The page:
COLORADO SPRINGS — Pikes Peak National Cemetery held a committal service Monday for an unclaimed veteran.

According to the U.S. Department of Veterans Affairs, unclaimed veterans are veterans who pass away and are not claimed by relatives, friends, or legal representatives.

“As soon as that came across our desk, that he was an unclaimed veteran, we knew that after serving 25 years, he deserved to be honored as a veteran,” said Greg Kelly, Pikes Peak National Cemetery Technician.

Master Sergeant Charles Kaufman served 25 years in the U.S. Air Force.

“We know that during his time of service he did receive a defense meritorious service medal as well as a meritorious service medal and an honorable discharge,” said Kelly.

Colorado Springs community members were invited to come and share support for the fallen service member.

“It’s a great honor knowing that although he was an unclaimed veteran, the other veterans in this community respect what he did while he was in the service,” said Kelly.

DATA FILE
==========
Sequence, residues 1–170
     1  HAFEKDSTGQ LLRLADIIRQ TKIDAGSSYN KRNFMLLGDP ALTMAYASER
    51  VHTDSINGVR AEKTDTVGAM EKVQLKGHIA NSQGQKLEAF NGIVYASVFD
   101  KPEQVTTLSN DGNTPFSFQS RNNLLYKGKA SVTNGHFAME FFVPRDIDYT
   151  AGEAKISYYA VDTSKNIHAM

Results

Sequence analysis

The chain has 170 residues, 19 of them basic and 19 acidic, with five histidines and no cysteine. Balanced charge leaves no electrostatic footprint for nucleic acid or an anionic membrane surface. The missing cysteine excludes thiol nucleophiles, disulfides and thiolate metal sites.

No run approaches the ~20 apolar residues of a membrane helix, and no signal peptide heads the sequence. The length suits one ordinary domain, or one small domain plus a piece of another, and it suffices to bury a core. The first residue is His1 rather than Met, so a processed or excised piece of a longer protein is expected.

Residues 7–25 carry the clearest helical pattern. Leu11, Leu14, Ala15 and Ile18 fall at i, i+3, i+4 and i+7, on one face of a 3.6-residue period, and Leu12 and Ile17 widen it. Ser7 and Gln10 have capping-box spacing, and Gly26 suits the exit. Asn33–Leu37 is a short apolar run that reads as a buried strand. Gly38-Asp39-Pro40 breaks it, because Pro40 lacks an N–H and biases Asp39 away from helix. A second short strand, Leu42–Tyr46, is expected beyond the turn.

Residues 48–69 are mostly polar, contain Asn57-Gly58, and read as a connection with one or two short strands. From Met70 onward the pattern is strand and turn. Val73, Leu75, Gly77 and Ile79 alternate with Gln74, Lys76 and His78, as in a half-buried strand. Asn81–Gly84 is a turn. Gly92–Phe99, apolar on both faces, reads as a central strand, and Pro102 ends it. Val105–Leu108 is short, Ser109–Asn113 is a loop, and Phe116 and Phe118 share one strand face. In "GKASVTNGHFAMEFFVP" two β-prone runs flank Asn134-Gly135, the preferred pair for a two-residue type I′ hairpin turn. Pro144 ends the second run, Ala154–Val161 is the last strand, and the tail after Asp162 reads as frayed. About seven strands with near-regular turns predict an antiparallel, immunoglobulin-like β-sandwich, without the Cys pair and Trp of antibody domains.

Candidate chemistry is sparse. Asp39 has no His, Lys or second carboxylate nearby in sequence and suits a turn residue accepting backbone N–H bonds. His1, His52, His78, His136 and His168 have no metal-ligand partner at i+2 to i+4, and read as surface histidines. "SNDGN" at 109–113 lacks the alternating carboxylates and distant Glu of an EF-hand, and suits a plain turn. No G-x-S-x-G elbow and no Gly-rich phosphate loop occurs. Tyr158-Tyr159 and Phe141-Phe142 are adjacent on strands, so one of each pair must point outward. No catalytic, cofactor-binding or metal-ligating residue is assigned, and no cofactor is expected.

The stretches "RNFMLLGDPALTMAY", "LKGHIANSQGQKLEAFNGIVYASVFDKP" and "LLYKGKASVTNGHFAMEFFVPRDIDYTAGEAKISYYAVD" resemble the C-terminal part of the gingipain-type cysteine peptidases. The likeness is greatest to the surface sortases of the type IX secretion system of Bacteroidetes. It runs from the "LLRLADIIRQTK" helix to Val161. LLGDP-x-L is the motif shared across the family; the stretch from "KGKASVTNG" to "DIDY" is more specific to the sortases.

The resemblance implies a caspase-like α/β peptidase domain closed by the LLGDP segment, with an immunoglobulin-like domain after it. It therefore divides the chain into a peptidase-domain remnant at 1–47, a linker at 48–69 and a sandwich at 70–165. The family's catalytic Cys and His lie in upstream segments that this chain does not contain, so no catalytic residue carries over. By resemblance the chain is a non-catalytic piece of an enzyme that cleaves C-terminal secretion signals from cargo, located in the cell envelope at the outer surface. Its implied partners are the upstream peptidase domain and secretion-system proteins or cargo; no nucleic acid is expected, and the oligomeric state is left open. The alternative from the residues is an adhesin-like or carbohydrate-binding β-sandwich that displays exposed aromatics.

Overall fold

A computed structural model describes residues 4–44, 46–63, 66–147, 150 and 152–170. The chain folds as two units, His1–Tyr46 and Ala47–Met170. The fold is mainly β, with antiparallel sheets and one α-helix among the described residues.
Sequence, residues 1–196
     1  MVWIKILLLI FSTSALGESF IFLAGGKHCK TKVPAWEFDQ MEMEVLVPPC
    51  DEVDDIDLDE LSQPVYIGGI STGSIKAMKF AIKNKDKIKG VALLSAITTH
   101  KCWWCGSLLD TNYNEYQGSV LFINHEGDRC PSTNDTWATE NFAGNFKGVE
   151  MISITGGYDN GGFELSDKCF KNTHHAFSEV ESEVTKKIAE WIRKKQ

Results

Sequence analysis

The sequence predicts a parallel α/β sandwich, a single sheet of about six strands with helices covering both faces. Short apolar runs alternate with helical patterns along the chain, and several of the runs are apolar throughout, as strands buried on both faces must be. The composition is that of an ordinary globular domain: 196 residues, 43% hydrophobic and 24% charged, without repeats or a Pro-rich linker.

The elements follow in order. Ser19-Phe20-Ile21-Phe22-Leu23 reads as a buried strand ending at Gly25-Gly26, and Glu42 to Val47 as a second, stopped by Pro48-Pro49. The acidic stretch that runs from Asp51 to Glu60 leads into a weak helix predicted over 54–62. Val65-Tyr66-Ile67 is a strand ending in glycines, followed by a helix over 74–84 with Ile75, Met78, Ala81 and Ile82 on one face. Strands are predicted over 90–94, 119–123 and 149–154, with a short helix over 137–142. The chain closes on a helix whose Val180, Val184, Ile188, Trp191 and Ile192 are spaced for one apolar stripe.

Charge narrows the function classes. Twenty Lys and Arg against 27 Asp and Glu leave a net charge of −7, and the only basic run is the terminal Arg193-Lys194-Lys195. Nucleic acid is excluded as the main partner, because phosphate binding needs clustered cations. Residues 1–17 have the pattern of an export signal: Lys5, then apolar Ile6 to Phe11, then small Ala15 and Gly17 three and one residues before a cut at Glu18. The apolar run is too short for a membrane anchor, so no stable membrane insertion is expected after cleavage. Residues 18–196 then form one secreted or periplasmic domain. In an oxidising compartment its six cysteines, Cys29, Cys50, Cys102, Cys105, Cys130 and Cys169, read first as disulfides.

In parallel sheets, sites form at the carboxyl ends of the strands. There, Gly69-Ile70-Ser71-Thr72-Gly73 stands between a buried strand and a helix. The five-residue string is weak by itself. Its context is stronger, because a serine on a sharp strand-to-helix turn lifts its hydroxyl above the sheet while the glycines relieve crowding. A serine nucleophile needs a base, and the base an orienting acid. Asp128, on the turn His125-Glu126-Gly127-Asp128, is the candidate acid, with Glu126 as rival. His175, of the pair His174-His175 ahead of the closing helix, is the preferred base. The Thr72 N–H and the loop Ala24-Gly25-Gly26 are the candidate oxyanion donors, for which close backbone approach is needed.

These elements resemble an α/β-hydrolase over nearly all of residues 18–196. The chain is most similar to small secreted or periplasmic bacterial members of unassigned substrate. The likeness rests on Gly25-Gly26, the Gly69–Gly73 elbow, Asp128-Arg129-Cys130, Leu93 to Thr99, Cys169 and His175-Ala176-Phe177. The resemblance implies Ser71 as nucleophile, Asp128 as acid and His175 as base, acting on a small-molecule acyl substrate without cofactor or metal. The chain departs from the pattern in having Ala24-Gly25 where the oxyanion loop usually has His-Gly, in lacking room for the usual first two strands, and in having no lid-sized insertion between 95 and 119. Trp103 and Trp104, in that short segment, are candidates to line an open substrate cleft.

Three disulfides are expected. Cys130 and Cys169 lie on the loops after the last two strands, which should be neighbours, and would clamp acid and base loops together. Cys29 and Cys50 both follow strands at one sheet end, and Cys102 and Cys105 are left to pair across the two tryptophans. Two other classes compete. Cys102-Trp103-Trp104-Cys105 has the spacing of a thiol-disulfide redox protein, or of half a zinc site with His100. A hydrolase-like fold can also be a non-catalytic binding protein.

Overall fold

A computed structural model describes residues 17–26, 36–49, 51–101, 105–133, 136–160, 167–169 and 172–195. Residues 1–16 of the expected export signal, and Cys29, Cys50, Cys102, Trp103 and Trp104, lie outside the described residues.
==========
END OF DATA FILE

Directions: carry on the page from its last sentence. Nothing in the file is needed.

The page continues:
Women’s Army Corps Veterans Association Pikes Peak Chapter 75 was one veteran organization at the service.

“Today was very special for us because we know that there are a lot of veterans that go unnoticed because of either homelessness or just having lost family and that this gentleman had no family,” said Robin Tapp, Newsletter Editor, Women’s Army Corps Veterans Association Pikes Peak Chapter 75. “It’s just a wonderful thing to come out as a community and support these veterans that have done so much for us.”

Military funeral honors were performed during the service with the playing of TAPS, the firing of rifle volleys, and the presentation of the burial flag by uniformed service members.

“I didn’t realize how many would show up and I think it’s wonderful that this community supports its veterans,” said Tapp.

The U.S. Department of Veterans Affairs has a step-by-step process online to determine if the decedent is a veteran and eligible for burial in a VA national cemetery.